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The John Newton Project

Richard Johnson’s call

 
missionary spirit
In the evening of the 23rd September 1786, I was asked by a friend, if I had got the spirit of a missionary, or, if I wished to go abroad. I smiled, and replied – No – I had no inclination or thoughts of ever leaving my native country.
On the 30th of the same month, I received a letter from another friend, informing me that a colony was going to be established in New Holland, or New Zealand – that a chaplain was wanted – that application had been made to him, to know whether he knew of any proper person for and willing to undertake such an arduous work – and that if I chose to accept of, he could secure me the appointment.
The feelings, which I had upon receiving this letter and for a time after, are easier felt than described. For several nights and days both my sleep and appetite were in a great measure taken away. I did little else than weep and sigh, whilst I trust both by fervent prayer and fasting, I implored divine direction what to do in an affair of so weighty moment. On the one hand – the idea of leaving my parents, relations, friends and the respectful connections which I had formed – the dangers of the sea – the description of people I was going with – the place to which we were going, to the very ends of the earth – to a country wild and uncultivated – to be exposed to savages, and perhaps to various wild beasts of prey – Those, and such like ideas so impressed my mind with fear and terror, that I sometimes was greatly indisposed, and almost resolved to decline the offer. But then on the other hand – when I considered – the propriety – nay, the necessity of some person going out in this capacity – how the offer of the appointment was made to me – my situation at that time, having no charge of my own – the hopes and prospects of being rendered useful in the reformation of those poor and abandoned people – the power and promises of God to protect me in any place or situation wherein, in the line of duty, I followed the leading of Providence – and the prospects of a glorious reward hereafter, laid up in Heaven for all God’s faithful servants and people – these considerations overbalanced and removed all my scruples and fears, and induced me to give my free consent to enter upon this hazardous expedition.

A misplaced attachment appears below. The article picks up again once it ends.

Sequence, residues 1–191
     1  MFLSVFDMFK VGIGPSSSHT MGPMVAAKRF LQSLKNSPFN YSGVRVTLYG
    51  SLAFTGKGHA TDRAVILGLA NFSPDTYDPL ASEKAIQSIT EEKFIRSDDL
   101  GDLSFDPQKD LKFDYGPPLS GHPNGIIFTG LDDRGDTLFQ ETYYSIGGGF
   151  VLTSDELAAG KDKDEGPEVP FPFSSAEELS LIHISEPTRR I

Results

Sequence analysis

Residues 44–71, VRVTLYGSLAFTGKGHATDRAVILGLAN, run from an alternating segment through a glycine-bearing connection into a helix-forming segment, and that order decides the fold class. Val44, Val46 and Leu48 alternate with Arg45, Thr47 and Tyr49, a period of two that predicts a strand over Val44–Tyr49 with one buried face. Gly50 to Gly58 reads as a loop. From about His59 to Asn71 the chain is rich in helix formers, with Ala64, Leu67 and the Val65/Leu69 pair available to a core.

I then, by the advice and direction of my friends, waited on his Grace the Archbishop of Canterbury upon this affair, who was pleased, in a most respectful and condescending[obliging] manner, not only to give me his sanction, but also to wish me success equal to my wishes in so arduous, important, and dangerous an undertaking.
 
Acknowledgements
Lambeth Palace Library, Moore1, f.16

Marylynn Rouse, 21/01/2019


Article printed from johnnewton.org at 21:37 on 15 September 2019